The center offers tutoring in accounting, business, computers and IT, economics, medical assisting, and other classes in the Workforce Division.  To find a tutor for specific courses, consult the tutor schedule after you click into the Professional and Technical Learning Center.

For IT courses, students can make an appointment with the tutor by following classroom instruction.

Check for other information about this center online at

* MATH AND SCIENCE (Anatomy/physiology, biology,  chemistry, computer science, and math).

The Math & Science Learning Center is open spring quarter from 11:00 a.m. to 8:00 p.m. Monday through Thursday, 11:00 a.m. to 3:00 p.m. Friday, 12:00 pm. to 4:00 p.m. Saturday, and 12:00 p.m. to 6:00 p.m. on Sunday. This center provides tutoring for pre-college and 100 level math, anatomy and physiology, biology, computer science, physics and chemistry classes.  Specific hours for anatomy and physiology and biology tutoring will be announced and posted separately at

 To find a tutor for specific courses, consult the tutor schedule after you click into the Math and Science Learning Center.

Check for other information about this center online at

* WRITING and GRAMMAR  At the Page One Writing & Language Center, hours for spring quarter are 10 a.m. to 7 p.m. Monday and Tuesday, 10:00 a.m. to 9 p.m. Wednesday and Thursday, 10:00 a.m. to 4:00 p.m. Friday, and 1:00 p.m. to 7:00 p.m. on Sunday

The center is continuing group tutoring sessions online for international students and for those taking courses in English as a Second Language (ESL).  This quarter, there are some new ones. To find them, go online to Courses in Canvas and click links to “online workshops” on the page entitled, “Student Learning Center – Online Tutoring and Learning Support for Students.” On that page, sign into the learning center and then click on the title of the workshop you want to attend. Six are offered for spring quarter, beginning during the week of April 12:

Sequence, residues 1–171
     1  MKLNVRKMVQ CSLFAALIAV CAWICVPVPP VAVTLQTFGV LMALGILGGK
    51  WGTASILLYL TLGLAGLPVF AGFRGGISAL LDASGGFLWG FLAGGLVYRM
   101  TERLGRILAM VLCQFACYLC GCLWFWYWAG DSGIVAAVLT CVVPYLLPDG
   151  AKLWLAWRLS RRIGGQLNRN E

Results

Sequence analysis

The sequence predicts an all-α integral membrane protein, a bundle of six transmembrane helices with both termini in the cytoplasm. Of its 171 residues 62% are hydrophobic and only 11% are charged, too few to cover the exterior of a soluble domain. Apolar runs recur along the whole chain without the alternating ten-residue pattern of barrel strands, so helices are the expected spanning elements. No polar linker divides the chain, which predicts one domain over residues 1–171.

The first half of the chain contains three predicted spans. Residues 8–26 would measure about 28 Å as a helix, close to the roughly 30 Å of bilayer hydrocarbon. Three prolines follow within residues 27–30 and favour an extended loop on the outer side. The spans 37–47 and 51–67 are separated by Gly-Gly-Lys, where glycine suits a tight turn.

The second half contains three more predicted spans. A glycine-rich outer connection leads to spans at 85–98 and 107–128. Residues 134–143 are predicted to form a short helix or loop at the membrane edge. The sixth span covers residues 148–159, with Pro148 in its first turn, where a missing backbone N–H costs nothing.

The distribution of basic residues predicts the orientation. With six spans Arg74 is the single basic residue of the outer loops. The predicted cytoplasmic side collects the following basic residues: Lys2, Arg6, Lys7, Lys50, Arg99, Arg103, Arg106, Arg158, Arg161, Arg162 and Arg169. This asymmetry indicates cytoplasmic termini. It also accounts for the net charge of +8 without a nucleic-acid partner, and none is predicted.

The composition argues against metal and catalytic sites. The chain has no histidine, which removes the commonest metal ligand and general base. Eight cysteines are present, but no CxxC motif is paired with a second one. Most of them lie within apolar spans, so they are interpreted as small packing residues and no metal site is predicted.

* For conversation development, “Talk Time,” from 11:00 a.m. to 12:00 p.m. Tuesday and from 6:00 p.m. to 7:00 p.m. Thursday.

     * “Focus on Pronunciation,” to improve speaking, from 2:00 p.m. to 3:00 p.m. Monday.

     * “Focus on Reading,” discussing ways to read and remember written and electronic material, from 7:30 p.m. to 8:30 p.m. Thursday.

     * “Pre-writing and Writing Basics,” discussing steps to take before writing, from 6:00 p.m. to 7:00 p.m. Tuesday.  Topics will include the parts of sentences and how they work together.

      * One “TED Talk Hour,” from 1:00 p.m. to 2:00 p.m. Wednesday, when people will improve speaking and vocabulary by hearing and discussing recorded talks.

Check for other information about this center online at

WORLD LANGUAGES.  Tutoring is available on weekdays for American Sign Language (ASL), Chinese, French, German, Japanese and Spanish.   Hours are different for individual tutors; check the printed schedules posted in the lobby of the tutoring center, or read the world language website at: